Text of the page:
Investigators from the FBI interviewed Muslims in North Texas this weekend after warnings that al-Qaeda may target the state on the eve of Election Day, a Muslim community leader said.
The North Texas Council on American-Islamic Relations has received reports that Muslims from Kansas, Oklahoma, Florida and Texas were questioned by FBI agents, according to Alia Salem, the group’s director.
“It was made apparent to us that the FBI has a list of a couple hundred people they are wanting to visit and ask a series of eight generic questions intended to drum up information about the attacks,” Salem said.
The North Texas branch of CAIR has confirmed that three interviews took place over the weekend and that it received reports of five more.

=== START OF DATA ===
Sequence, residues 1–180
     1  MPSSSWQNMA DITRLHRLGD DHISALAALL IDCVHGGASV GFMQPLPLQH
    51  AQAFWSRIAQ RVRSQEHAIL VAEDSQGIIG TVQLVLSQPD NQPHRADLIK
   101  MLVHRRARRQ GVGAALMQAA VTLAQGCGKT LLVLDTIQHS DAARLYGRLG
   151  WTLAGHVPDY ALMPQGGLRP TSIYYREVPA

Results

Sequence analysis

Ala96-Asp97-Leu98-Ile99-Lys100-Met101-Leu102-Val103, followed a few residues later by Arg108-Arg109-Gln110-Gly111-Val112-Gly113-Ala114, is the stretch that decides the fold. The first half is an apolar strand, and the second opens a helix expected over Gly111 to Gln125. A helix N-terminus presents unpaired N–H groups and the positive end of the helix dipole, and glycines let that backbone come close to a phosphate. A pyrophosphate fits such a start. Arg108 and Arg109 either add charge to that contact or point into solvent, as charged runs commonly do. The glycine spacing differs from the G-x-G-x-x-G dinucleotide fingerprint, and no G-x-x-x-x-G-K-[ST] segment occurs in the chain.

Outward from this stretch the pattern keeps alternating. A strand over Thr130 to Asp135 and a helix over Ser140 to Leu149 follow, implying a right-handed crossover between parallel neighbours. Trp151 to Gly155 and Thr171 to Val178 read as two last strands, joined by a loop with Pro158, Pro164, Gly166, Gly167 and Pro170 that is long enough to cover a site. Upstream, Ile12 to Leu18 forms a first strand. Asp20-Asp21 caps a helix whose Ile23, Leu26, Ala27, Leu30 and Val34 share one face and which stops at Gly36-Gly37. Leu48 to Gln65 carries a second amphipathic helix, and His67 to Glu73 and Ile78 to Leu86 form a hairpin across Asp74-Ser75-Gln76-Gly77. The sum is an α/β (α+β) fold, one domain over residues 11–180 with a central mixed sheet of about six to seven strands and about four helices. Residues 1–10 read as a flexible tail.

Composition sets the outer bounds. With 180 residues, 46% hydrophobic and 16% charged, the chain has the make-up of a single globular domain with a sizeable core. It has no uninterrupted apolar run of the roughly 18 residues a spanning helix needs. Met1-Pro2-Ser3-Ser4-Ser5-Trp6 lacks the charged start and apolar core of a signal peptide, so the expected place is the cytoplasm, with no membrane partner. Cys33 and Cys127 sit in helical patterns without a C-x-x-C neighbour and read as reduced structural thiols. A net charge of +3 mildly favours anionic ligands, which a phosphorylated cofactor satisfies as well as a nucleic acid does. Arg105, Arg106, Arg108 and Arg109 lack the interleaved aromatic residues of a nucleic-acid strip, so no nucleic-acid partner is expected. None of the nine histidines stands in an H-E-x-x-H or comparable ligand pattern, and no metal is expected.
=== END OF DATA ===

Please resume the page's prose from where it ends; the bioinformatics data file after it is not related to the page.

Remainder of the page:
A representative in the FBI’s Dallas field office declined to comment on the reports.
On Friday, U.S. intelligence officials alerted joint terrorism task forces that al-Qaeda could be planning the attacks the day before the election, according to CBS News. Authorities are taking the threat seriously, a source told CBS, though it could be “aspirational” because it lacked specificity.
“The FBI and [Department of Homeland Security], working with our federal, state and local counterparts, share and assess intelligence on a daily basis and will continue to work closely with law enforcement and intelligence community partners to identify and disrupt any potential threat to public safety,” the unnamed source told CBS News.